Mixing processes. Mixing produced by magmatic recharge is evidenced by Mg-rich (i.e., pigeonite; Fig. 8E) rims on augite crystals. The injection of a hotter magma causes disequilibrium and changes in temperature, pressure and H2O content, leading to the development of new mineral phases (Couch et al., 2001; Shcherbakov et al., 2011).

5.2. Crystallization conditions

Geothermobarometry analyses presented here correspond to crystal-liquid chemical relations, where the whole-rock composition represents the melt in which the minerals crystallized. To reproduce the composition where the crystals formed based on partition coefficients, plagioclase phenocrysts were compared to the least evolved rock (SiO2=52.79 wt%), while the microphenocrysts were compared to the most evolved rock (SiO2=57.72 wt%); this assuming that microphenocrysts crystallized later, given the predominance of a less An content in their composition. Also, pyroxene phenocrysts cores (augite) were compared to the least evolved rock (SiO2=52.79 wt%), while the phenocrysts rims (augite and occasionally pigeonite) were compared to the most evolved rock (SiO2=52.79 wt%), assuming that rims should have crystallized later in a more evolved magma than cores. Based on the above, the exchange coefficient (KD) between crystals, and melt (plagioclase: 0.27±0.11; clinopyroxene: 0.28±0.080; Putirka, 2008) allowed equilibrium determination to reproduce reliable crystallization conditions (Table 3; Supplementary material 2).

According to the equilibrium relation, 56 out of 127 plagioclase crystals, 14 out of 25 augite crystals and 7 out of 7 pigeonite crystals met the requirement for applying the geothermobarometers. Then, Eq. 24a and 25a of Putirka (2008) were applied for the plagioclase, and Eq. 32d and 32a of Putirka (2008) were applied for the pyroxene. Here it is important to mention that the clinopyroxene thermometer includes the liquid composition, but the barometer is based exclusively on the mineral composition. Errors estimated by Putirka (2008) for temperature and pressure equations mentioned are ±52 °C and ±0.1 GPa. The initial water content value (H2O wt%) required to apply the plagioclase geothermobarometric equation was assumed as 1.5 wt%, considering that Zimmer et al. (2010) reports that water content in tholeiitic magmas is close but less than 2.0 wt%. Finally, depth was estimated from the pressure values calculated, assuming an average density of the continental crust of 2.7 g/cm3, which corresponds to a geobaric gradient of ~27 MPa/km (Best, 2003).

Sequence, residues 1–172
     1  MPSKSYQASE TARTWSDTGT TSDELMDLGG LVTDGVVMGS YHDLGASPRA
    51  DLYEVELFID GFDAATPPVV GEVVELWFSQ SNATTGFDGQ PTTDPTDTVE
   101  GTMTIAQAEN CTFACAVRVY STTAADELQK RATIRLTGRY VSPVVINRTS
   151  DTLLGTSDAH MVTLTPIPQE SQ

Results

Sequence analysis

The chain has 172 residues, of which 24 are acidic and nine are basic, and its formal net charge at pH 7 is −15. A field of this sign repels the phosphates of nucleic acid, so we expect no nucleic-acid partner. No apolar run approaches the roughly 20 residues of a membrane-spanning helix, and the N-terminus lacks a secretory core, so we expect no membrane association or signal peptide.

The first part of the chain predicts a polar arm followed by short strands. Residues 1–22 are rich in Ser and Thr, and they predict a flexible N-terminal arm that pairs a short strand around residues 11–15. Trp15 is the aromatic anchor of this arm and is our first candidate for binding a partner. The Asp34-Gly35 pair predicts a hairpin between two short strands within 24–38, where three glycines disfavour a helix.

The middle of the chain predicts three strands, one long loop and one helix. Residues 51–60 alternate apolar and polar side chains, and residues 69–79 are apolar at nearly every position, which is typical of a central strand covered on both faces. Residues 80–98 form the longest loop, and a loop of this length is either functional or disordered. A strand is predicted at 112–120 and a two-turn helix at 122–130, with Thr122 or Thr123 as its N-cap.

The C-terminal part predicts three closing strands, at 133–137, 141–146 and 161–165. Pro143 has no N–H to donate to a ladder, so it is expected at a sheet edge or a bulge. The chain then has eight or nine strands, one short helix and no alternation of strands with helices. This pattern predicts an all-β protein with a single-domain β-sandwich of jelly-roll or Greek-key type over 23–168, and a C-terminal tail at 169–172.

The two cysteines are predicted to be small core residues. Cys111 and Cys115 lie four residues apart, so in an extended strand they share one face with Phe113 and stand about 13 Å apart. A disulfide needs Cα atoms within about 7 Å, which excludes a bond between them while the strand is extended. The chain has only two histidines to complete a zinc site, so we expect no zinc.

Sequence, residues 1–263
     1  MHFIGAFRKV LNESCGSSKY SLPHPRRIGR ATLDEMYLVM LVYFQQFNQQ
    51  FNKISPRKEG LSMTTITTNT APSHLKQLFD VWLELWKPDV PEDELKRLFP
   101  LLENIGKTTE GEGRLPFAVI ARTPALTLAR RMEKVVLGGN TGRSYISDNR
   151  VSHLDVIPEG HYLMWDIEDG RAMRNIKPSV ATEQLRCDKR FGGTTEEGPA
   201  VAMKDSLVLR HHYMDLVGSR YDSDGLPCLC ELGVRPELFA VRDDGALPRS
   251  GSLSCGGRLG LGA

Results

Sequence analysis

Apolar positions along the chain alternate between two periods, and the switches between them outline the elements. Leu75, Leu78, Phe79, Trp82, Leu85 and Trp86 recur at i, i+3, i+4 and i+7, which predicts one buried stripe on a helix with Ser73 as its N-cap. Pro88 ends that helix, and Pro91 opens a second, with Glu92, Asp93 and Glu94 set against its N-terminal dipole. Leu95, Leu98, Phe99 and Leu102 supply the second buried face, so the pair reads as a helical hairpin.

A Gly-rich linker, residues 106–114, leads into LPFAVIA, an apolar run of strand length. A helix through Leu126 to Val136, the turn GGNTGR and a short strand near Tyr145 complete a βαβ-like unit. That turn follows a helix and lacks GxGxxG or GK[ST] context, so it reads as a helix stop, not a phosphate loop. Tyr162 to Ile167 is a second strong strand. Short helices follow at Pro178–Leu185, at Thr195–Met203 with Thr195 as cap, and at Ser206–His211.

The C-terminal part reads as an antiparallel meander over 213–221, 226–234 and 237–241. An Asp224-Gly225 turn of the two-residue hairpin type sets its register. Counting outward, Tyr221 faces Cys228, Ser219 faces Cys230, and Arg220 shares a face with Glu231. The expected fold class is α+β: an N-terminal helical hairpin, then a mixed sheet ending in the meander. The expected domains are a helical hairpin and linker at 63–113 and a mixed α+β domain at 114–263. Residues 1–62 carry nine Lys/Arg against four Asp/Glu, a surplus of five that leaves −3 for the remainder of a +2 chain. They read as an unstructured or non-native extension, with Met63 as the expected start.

As a whole, results show that plagioclase crystallized at a temperature range between 1,095 and 1,153 °C, and pressures of 0.22 to 0.60 GPa, which corresponds to depths between 8 and 23 km (Fig. 9). Phenocrysts were formed between 13 and 23 km depths, while microphenocrysts crystallization took place between 8 and 19 km depths. Augite crystals were formed in a temperature range between 1,046 and 1,131 °C, and pressures of 0.09 to 0.21 GPa, which corresponds to depths between 3 and 8 km, being the microphenocrysts the ones that evidence the lowest temperature values. Pigeonite microphenocrysts were formed in a temperature range between 867 and 1,039 °C, and pressures of 0.40 to 0.60 GPa, which corresponds to depths between 6 and 23 km. Augite shows temperature and pressure decreasing from cores to rims, which indicates growth during the magma ascent. Pigeonite rims on augite crystals (i.e., coronitic texture), results show lower temperatures in rims (e.g., 1,039-963 °C), but surprisingly higher pressure and depth of crystallization (0.38 GPa and 14 km, respectively); this occurs due to the higher MgO content, which it is interpreted as as related to a heterogeneous melt instead of a deeper formation. Rather, these rims formation are associated with the magma ascent dynamics, but also with the magmatic recharge or mixing and its subsequent cooling. From petrographic analyses, these processes were evidenced and then related to compositional differences.


Fig. 9. Pressure (and depth) versus Temperature diagram, which illustrates crystallization conditions for the studied plagioclase and pyroxene pheno- and microphenocrysts. Pl: plagioclase, Px: pyroxene, Aug: augite, Pgt: pigeonite.


In summary, both the mineralogy and crystallization conditions found in the analyzed samples indicate that the mineral formation in the tholeiitic products took place at less than 23 km depth (plagioclase, augite and pigeonite), and continued their formation during ascent until they reached a depth of 3 km.

5.3. Geochemical processes

The tholeiitic lava flows analyzed in this study, together with the previously reported samples (Marriner and Millward, 1984; Tejada et al., 2007; Borrero and Toro-Toro, 2016; Jaramillo et al., 2019), evidence a basaltic and andesitic composition in the CVP. Negative trends in CaO, MgO, FeO and TiO2 (these last two not shown) vs. SiO2 (Fig. 8), indicate calcic pyroxene (augite) and plagioclase fractionation, as supported by the textural and geothermobarometric analyses. The slightly negative Eu (Eu/Eu*) anomaly is also evidence of the fractionation process.

LREE (Fig. 7B) enrichment and La/Yb vs. Th/Nb (Fig. 7C) relations presented by the products clearly show that rocks were formed in a continental subduction arc (Gorton and Schlandl, 2000). LILE incompatible elements enrichment compared to the HFSE (Fig. 7A) suggests possible crustal contamination processes occurred during the magma stagnation or ascent through the crust (e.g., Sosa-Ceballos et al., 2021). This assimilation has already been suggested in previous studies (e.g., Jaramillo et al., 2019; Weber et al., 2020; Santacruz et al., 2021).

5.4. Magmatic system and tectonic implications